Niles11 Niles11 - 2 days ago 5
Java Question

Jackson JSON generates HTTP status 500, XML works

I am currently using Jackson to serialize Java objects to JSON and XML as the response for a REST webservice. I have the following annotated Java object:

@XmlRootElement(name = "Product")
public class ProductDetailsView {

private int id;
private long EAN;
private String manufacturer;
private String modelname;
@XmlElementWrapper(name = "onlineCompetitors")
@XmlElement(name = "competitor")
private List<OnlineCompetitorView> onlineCompetitors;

Now, the first few fields are primitive types and those work perfectly in both JSON and XML (in fact, there are a lot more primitive fields). However, from the moment I added the list of OnlineCompetitorView's the JSON serialization no longer works, and causes the application to generate a HTTP status of 500 ('Internal Server Error'). But, when I use application/xml as the accepted content type it works flawlessly.

The correct XML response:


So the XML works fine, but when I request application/json from the service it (GlassFish 4.0) creates an internal server error. This is how the OnlineCompetitorView is annotated:

public class OnlineCompetitorView {

private final int id;
private final String shopname;
private final int rating;
private final double productPrice;
private final int stock;

I've tried adding the @XmlRootElement-annotation the OnlineCompetitorView as well, but this doesn't change anything. As I'm not getting any error from GlassFish I really don't know how to fix the problem. The simple webservice looks like this:

@Produces({"application/xml", "application/json"})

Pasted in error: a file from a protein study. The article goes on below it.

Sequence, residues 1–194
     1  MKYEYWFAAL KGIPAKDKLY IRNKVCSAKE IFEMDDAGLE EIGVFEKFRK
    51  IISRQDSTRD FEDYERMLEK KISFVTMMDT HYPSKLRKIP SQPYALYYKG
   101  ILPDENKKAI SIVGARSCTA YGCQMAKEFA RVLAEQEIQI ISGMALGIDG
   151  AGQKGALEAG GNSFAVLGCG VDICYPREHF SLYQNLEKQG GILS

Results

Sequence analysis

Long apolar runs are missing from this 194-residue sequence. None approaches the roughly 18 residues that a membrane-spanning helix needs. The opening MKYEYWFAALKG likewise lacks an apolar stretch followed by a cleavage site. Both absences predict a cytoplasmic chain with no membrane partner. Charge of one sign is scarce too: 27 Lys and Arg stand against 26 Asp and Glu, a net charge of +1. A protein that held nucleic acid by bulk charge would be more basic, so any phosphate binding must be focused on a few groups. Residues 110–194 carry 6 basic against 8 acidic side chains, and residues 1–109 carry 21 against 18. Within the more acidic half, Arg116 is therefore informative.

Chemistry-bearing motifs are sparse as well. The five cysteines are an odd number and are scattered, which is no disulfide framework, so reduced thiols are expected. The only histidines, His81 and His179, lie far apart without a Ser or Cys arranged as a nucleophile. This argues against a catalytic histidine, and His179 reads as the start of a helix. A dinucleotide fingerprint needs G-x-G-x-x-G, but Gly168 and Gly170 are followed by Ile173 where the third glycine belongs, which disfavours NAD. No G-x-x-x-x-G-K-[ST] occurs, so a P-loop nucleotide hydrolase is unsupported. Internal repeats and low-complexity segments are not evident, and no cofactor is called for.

public ProductDetailsView getProduct(@PathParam("ean") Long EAN) {
ProductDetailsView pdv = service.getProductDetailsView(EAN);
return pdv;

So how is it possible that XML works fine, while JSON creates an internal server error?
Could someone help me out with this problem? Any help is greatly appreciated!


As I still don't know why JSON isn't working, while XML does I went on developping my application. In doing so, I stumbled upon a new problem, probably relating to the first one so that's why I update my question.

I created a small and simple test which returns back a very simple annotated POJO and it doesn't work with either XML or JSON (while the much more complex 'Product'-POJO is working, albeit only with XML).

Now, the error log still shows no errors but glassfish returns me something:

FINE: Trying to locate com/eid/instoreapp/JSONView/
FINE: not found
FINE: Checking system property javax.xml.bind.context.factory
FINE: not found
FINE: Checking system property javax.xml.bind.JAXBContext
FINE: not found
FINE: OSGi environment detected

I've been doing some research about this and apparently JAXB needs some sort of properties file. Now, i've build a lot more REST applications like this and I never had to add a properties file or whatsoever, and it always worked.

Some people on the internet suggest that it is a problem with classloader (like here) but, once again, I never had to set some classloader and because I use Java EE this marshalling and unmarshalling of XML/JSON objects should work automatically. Also, the solution proposed in the hyperlink (adding the class-loader XML attribute) doesn't work for me.

I don't understand why the system is so inconsistent. Some of the RESTful methods work in both XML and JSON. Some of them work only with XML and some of them don't work at all (within the same application!).

I really hope anyone can help me find a solution to this problem!


For those who have the same sort of problem as I had, and can't figure out why: I found the solution myself. I wasn't fully aware of the fact that the POJO-objects that are to be serialized to XML/JSON need to have a zero-arguments constructor. That includes collections used in the original object.

So in my case: my 'ProductDetailsView'-object has a list of 'OnlineCompetitorView'-objects. Both the ProductDetailsView and the OnlineCompetitorView need to have a zero-argument constructor. For some it might be obvious, but I thought it would be wise to share this information. I found this information, accidently, in the opening post in this link, so I want to give some credit to that.